UK news A day to celebrate our favourite fizz… why Prosecco is the bubbly Italian we all love last news
PremierLeague-News.Com - Strange but true: there is a village in Italy called Prosecco but the area best known for producing the famous sparkling wine isn’t anywhere nearby – it’s a two-hour car journey away. There also used to be a grape called Prosecco but there isn’t any more – it’s now called Glera after the Italian authorities changed the name. And although Prosecco is renowned for its bubbles, not all of it is sparkling – Tranquilo Prosecco has no fizz whatsoever.
PremierLeague-News.Com - Breaking Sport Transfer News ! "Strange but true: there is a village in Italy called Prosecco but the area best known for producing the famous sparkling wine isn’t anywhere nearby – it’s a two-hour car journey away. There also used to be a grape called Prosecco but there isn’t any more – it’s now called Glera after the Italian authorities changed the name. And although Prosecco is renowned for its bubbles, not all of it is sparkling – Tranquilo Prosecco has no fizz whatsoever. It's a wine whose story is full of surprising contradictions, yet that hasn’t prevented Prosecco from conquering the world. Last year 627 million bottles were despatched across the globe from the small region in northern Italy where it can only be produced. And wine drinkers in the UK are its biggest fans, snapping up almost a quarter of all the Prosecco sent abroad in 2021.So I imagine there’ll be plenty of local enthusiasm for next Saturday’s International Prosecco Day, an occasion created to celebrate this most versatile of wines which takes place every August. There isn’t any fanfare or street carnival to mark the day; it’s really just an excuse to enjoy a glass or two of Prosecco, but hey, who needs an excuse?One of the reasons why we love this clean, crisp aromatic wine, with its notes of apple, pear and white peaches, is its relatively low price of around £8-£12. Prosecco differs from its far more expensive rival Champagne in that it’s fermented in stainless steel tanks, a cheaper and less time-consuming process than the French method of fermenting the wine in its bottle. Most Prosecco is produced in the hills around Treviso, north of Venice, with some of the best bottles coming from the area surrounding the nearby town of Valdobbiadene. The village of Prosecco I mentioned at the beginning is also a producer, but it’s in a small-scale region on the far side of the Adriatic near the city of Trieste.There are a few things worth noting if you’re thinking of picking up a bottle of two to mark International Prosecco Day. One consideration is sparkle value: if you like full-on fizz go for Spumante; if you want it slightly less exuberant go for Frizzante; and if you want no bubbles at all there’s always Tranquilo – if you can find it.Then there are levels of sweetness. Confusingly, ‘dry’ Prosecco is one of the sweetest versions you can get, with up to 32g of sugar in every litre of wine, or about a third of the sugar you’d find in Coca-Cola Original. ‘Extra dry’ is slightly less sweet, and ‘brut’ is the least sweet. You can occasionally find ‘brut nature’ and ‘extra brut’ which signify even less sugar, but ‘brut’ will usually fit the bill.And finally, there’s the area of origin to consider. Prosecco DOC is the basic description, while Valdobbiadene Superiore DOCG is a step up. Valdobbiadene Rive DOCG comes from one of 43 hilly areas that produce exceptional grapes, but bottles can be hard to find. And Valdobbiadene Superiore di Cartizze DOCG, a much sought-after Prosecco from a small 107-hectare area, is even harder to track down.If you’re thinking of marking International Prosecco Day on August 13, try a few glasses alongside a traditional Italian antipasto platter of cured meats, cheeses, olives and almonds, or maybe serve it with some spicy Asian food. Then again, you could just mix up a classic Italian Aperol Spritz, or a Bellini with peach puree, or maybe a Hugo with elderflower cordial and mint.Lidl, which has a range of good value Proseccos on offer, suggests making a Zesty Apple Sangria by mixing 250ml of its Valdobbiadene Extra Dry Prosecco Superiore (£7.99) with a full bottle of Pinot Grigio Garda (£6.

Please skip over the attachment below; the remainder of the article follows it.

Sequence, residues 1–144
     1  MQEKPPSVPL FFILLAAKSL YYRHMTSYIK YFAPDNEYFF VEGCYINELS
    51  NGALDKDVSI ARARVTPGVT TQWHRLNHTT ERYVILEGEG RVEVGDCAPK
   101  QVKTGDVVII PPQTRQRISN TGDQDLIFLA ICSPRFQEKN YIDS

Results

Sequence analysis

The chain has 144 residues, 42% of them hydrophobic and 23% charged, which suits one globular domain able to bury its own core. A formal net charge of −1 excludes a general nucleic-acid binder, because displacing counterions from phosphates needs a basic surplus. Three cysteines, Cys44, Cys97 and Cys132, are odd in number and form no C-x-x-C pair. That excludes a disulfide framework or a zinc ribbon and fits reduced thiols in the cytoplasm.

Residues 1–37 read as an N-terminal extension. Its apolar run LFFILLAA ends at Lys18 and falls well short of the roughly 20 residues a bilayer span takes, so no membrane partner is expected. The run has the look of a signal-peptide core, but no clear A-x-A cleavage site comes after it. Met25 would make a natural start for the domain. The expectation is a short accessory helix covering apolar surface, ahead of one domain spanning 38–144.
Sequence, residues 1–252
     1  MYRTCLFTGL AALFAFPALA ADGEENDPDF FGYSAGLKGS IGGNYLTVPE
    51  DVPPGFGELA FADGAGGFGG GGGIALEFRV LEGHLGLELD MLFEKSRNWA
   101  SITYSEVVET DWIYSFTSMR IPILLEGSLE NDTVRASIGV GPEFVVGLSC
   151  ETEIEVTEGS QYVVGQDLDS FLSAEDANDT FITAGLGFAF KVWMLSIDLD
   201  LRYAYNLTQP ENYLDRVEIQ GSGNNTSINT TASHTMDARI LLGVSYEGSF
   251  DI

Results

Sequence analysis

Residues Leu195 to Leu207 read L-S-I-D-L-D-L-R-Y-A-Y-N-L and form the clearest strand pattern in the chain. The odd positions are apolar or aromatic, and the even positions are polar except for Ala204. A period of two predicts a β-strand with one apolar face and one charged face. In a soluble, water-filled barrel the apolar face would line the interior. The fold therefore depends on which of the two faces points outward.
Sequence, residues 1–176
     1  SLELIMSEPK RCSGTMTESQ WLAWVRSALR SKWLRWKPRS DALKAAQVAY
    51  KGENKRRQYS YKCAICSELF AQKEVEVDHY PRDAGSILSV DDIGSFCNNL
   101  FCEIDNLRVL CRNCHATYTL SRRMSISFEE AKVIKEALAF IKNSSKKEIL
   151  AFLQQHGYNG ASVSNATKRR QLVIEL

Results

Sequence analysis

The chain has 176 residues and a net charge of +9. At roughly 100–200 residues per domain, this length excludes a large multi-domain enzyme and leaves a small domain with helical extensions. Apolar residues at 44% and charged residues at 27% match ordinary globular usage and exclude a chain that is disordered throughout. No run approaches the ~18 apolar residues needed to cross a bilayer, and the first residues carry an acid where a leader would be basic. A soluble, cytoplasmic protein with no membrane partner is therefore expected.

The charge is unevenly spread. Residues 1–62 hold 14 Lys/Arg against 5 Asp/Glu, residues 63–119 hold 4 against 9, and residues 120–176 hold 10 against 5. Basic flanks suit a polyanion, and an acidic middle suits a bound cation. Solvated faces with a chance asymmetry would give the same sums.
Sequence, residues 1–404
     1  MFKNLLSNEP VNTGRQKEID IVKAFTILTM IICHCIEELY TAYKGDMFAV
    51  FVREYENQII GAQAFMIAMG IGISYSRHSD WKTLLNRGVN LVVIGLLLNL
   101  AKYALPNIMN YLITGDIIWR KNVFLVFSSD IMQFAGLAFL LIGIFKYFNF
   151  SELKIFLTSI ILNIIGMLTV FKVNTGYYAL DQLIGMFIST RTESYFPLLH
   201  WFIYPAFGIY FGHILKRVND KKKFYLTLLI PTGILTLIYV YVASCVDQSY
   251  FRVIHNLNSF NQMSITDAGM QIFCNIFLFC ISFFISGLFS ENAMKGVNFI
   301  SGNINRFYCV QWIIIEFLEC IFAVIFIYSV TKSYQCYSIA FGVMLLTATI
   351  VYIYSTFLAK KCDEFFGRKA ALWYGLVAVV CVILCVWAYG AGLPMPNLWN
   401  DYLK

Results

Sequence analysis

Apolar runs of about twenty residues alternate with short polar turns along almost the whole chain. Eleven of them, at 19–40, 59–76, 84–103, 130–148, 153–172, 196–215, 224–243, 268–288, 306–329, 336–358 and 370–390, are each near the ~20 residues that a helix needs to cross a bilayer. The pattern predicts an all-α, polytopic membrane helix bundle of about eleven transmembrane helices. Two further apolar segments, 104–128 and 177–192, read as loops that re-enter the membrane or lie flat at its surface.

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. Chill the whole lot for a couple of hours and serve with a garnish of grapes you’ve frozen beforehand.Alternatively, you could try making their rather appealing Orange and Lemon Frosé, which involves pouring a bottle of Prosecco Spumante Rosé Millesima (£7.99) into a baking tray and freezing overnight, blitzing two peeled oranges and two lemons with 4 teaspoons of sugar in a blender, then adding the frozen Prosecco and blitzing some more until it’s like a slushie. Pour the icy mix into chilled glasses, add a shot of Bitterol Spritz (£4.99 from Lidl) to each and garnish with orange and lemon peel.And if International Prosecco Day whets your appetite for more of our favourite Italian sparkler, you might want to make a date for the Festival of Prosecco being held in Belfast’s Merchant Hotel next month. Now in its sixth year, this month-long festival features an array of special events and drink offers throughout September. Highlights include a four-course gourmet dinner with Prosecco pairings, hosted by wine expert Davide Roncada, a ‘Sip and Learn’ Prosecco masterclass in the rooftop garden, fashion shows with a glass of fizz, Prosecco afternoon teas, tasting flights, and, of course, plenty of cocktails.Expect to hear the sound of corks popping everywhere over the next few weeks.Lidl’s Prosecco range and cocktail ideas available at www.lidl-ni.co.uk. Details of the Merchant Hotel events at www.themerchanthotel.com/whats-onBY PATRICIA MAGINNMionetto Prosecco RoséThis extra dry sparkling rosé is a striking peach-blossom pink with purplish highlights, while the fruit-rich bouquet evokes pink grapefruit, raspberry, pomegranate, and blackcurrant. The delicate yet long-lingering bead of bubbles complements a palate with prominent notes of raspberry. Ideal as an aperitif, yet delicious throughout the meal. Serve with risottos, shellfish and seafood selections. RRP £11.99, available from Madigan’s Court, Belfast; Donard Wines, Newcastle; Spar, Islandmagee; Gee’s Wine Store, Derry; Swift’s supermarket, Lisnaskea; The Sipster, Whiteabbey.SOARING SALES, NEW FLAVOURSThe makers of Boost have revealed that they sold 27 million cans of the popular energy drink in Northern Ireland last year. Brand Manager Francine Matthews said it had been a “huge year” for the company, “driven largely by sales of Boost Energy Red Berry, NI’s best-selling soft drink in the convenience channel.” Boost Drinks, which is based in Leeds and sells primarily through convenience stores, independent retail chains and petrol forecourts, celebrates two decades on the shelves of Northern Ireland stores next year and has just launched three summery new Juic’d flavours – Pineapple and Guava Punch, Mango and Tropical Blitz, and Watermelon and Lime Twist – in a larger 500ml can."